Image: Richard Ditch, 2008 [larger view].
Date Time Original: 2008:04:16 08:46:29
Exposure Time: 1/319
Rick Wright, Managing Director of WINGS Birding Tours Worldwide, writes:
Start at the back, start at the back! We see a short-tailed bird with a long wingtip, and both wing and tail show yellow: simple feather edgings in the wing, but a significant basal patch in the tail. Off the top of my head, I can think of only two North American birds that show such a pattern: Yellow Warbler and Pine Siskin. The streaked undertail coverts rule out the warbler. So is this a Pine Siskin?
A careful look at the wing pattern shows that the yellow feather edgings actually broaden into a patch at the base of the primaries. Otherwise, the generally drab, finely streaked plumage is relieved by only the well-defined whitish wingbars. The face is blank, the eye small, and the bill clearly sharp-pointed, with a perfectly straight culmen (the ridge of the upper mandible). This is a Pine Siskin.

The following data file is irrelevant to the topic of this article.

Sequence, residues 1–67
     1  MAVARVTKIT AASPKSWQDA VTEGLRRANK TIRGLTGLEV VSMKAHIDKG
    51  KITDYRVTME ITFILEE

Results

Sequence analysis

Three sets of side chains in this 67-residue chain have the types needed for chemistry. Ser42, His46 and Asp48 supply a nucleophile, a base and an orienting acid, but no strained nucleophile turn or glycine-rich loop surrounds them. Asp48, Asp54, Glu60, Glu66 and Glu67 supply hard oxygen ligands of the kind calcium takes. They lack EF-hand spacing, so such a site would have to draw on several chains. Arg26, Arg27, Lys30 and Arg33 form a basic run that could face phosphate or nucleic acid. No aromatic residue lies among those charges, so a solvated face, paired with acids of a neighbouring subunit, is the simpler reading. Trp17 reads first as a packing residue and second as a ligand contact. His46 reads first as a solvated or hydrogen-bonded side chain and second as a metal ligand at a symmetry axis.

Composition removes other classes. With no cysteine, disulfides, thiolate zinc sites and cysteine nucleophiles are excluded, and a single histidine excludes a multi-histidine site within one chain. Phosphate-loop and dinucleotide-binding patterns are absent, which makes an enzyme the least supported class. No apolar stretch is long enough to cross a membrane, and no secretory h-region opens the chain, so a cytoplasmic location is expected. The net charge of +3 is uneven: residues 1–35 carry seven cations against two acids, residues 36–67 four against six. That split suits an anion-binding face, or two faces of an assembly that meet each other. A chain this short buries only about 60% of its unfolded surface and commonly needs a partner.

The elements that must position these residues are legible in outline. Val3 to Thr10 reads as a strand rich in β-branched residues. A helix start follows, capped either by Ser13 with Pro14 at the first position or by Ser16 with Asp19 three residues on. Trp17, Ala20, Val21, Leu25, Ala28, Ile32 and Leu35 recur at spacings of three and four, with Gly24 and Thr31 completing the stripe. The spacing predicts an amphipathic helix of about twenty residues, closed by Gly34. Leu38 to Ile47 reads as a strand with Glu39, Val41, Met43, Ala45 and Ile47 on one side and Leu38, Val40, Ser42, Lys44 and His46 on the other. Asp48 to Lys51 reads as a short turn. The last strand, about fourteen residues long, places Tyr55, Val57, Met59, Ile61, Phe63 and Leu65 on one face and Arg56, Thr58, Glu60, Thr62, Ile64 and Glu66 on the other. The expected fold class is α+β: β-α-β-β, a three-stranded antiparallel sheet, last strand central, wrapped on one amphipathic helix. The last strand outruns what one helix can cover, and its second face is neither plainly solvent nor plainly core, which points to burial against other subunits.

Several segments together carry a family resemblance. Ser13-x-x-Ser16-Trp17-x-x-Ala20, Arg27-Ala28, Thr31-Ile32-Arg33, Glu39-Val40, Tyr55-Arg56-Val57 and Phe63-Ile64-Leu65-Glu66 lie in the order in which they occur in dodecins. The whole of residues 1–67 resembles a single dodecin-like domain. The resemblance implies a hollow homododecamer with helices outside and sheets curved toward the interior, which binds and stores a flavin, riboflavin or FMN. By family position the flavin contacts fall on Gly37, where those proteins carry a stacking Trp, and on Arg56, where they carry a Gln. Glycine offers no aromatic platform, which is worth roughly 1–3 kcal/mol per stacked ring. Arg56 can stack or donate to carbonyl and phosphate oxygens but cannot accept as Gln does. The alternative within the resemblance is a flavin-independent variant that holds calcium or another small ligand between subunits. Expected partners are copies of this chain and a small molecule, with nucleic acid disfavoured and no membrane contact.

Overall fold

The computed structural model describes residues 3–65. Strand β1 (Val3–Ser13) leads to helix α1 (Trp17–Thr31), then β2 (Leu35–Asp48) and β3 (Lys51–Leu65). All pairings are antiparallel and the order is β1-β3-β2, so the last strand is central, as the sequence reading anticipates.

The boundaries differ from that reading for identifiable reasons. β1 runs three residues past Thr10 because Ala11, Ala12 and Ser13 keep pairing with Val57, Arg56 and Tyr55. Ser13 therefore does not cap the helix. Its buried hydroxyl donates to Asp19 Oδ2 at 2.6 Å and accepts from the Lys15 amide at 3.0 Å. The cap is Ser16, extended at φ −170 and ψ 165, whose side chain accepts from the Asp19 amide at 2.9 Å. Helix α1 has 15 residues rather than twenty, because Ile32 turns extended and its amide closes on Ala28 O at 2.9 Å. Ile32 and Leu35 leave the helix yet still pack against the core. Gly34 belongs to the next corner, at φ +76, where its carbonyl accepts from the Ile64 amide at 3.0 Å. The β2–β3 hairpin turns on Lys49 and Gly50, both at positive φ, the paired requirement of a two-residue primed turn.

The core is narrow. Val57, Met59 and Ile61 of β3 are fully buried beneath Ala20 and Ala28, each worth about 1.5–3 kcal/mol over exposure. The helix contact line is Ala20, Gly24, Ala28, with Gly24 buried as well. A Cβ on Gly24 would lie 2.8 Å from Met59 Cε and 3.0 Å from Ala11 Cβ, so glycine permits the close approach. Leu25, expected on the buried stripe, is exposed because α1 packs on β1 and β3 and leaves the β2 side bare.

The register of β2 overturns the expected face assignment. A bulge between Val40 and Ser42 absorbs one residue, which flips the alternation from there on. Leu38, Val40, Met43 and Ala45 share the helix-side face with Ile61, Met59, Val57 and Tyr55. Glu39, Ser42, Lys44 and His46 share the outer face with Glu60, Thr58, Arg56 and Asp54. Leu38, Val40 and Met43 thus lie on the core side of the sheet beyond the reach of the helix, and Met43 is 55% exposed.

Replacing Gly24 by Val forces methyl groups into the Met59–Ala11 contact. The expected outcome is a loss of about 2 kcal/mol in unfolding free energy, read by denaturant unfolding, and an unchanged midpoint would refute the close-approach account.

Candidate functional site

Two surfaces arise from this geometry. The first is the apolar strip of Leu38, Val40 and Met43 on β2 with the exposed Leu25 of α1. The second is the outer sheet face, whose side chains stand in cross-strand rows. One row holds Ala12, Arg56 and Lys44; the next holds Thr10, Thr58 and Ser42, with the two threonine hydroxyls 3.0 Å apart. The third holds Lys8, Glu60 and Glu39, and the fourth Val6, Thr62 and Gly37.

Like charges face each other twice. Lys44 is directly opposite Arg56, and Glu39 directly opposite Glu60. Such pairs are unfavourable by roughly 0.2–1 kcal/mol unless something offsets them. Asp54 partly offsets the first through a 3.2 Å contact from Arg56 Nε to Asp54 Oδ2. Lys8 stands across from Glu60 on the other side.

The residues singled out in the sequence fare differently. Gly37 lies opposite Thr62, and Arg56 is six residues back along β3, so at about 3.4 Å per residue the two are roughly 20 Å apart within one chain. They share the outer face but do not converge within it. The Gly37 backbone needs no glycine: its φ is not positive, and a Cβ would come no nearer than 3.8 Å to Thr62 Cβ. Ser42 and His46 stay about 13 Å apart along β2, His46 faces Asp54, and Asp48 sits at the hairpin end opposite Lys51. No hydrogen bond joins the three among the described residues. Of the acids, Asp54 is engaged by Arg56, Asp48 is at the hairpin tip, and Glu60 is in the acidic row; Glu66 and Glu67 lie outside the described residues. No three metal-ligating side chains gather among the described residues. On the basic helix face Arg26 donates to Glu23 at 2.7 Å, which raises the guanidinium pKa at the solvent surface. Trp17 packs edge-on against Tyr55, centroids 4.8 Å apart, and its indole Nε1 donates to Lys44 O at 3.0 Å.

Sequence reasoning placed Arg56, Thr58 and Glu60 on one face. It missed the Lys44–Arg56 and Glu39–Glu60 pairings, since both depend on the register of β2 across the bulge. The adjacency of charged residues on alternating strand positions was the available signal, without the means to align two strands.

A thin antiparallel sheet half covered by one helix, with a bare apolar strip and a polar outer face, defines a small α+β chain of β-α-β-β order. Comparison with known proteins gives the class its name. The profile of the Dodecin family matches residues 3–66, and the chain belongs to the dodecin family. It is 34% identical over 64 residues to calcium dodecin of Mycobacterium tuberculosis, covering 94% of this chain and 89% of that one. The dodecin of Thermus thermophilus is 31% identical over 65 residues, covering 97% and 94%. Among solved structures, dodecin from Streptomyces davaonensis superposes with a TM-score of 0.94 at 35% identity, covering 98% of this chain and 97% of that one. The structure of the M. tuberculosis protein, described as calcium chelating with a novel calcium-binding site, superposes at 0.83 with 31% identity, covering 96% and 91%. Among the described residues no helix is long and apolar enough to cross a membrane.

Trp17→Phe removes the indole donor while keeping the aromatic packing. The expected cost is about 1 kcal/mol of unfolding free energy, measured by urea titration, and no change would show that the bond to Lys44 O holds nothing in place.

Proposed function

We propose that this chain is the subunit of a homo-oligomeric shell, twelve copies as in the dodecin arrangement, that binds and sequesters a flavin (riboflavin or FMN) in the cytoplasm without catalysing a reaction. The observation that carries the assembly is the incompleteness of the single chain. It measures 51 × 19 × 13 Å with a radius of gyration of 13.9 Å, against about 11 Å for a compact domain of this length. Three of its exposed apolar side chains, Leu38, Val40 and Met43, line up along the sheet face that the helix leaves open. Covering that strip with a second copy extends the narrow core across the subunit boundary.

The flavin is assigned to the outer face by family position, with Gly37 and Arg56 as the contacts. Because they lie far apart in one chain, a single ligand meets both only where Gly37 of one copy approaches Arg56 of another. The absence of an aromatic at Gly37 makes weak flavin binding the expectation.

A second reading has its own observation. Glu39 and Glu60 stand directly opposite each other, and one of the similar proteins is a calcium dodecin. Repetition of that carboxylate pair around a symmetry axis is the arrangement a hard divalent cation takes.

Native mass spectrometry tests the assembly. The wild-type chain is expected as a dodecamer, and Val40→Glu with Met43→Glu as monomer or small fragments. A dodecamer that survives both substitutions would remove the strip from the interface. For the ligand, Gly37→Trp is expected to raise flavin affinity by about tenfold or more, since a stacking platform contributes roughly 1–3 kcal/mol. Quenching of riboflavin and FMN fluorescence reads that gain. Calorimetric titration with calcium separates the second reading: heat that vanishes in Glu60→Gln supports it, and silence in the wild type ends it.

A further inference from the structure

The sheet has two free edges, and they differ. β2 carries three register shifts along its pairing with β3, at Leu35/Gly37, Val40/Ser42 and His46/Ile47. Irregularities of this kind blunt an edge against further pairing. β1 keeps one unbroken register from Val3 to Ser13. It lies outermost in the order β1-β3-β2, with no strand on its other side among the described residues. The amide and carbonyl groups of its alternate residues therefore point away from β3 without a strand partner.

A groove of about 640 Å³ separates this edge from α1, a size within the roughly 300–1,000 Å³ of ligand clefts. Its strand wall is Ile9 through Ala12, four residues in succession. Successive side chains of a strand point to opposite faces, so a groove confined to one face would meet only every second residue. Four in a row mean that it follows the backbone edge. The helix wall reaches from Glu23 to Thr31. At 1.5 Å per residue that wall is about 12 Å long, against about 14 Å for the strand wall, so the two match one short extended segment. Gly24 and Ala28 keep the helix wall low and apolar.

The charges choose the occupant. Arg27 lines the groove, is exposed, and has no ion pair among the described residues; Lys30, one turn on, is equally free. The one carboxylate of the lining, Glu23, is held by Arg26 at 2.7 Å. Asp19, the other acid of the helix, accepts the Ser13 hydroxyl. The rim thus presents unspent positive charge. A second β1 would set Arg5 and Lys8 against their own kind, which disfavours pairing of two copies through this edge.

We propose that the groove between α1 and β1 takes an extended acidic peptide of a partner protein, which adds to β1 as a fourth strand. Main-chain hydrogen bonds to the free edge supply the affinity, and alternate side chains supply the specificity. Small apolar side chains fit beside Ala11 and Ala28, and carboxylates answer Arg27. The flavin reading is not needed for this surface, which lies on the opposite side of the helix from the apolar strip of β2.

The major confusion species here is not, of course, Yellow Warbler, but another streaky finch, the House Finch. Not all Pine Siskins are as yellow as this individual, and birders unfamiliar with the species often try to make the abundant House Finch into a siskin. House Finch, though, is much muddier in appearance that the relatively neat, if drab, siskin. Its tail is broader and its wings are shorter (logically enough: House Finches are mostly sedentary, while Pine Siskins are given to nomadism). The ground color of the body is brown rather than off-white, and the dark eye is large, giving the bird a distinctly different “face” than the beady-eyed little siskin. House Finches also have large, rather squarish heads, while siskins look like they would buy their hats in the kids’ department. And the bill shapes are completely different. Think about it this way: if a siskin wanted to hurt you, it would stab you; if a House Finch was intent on harm, it would bite, putting to good use a thick, hooked bill with a strongly curved culmen.
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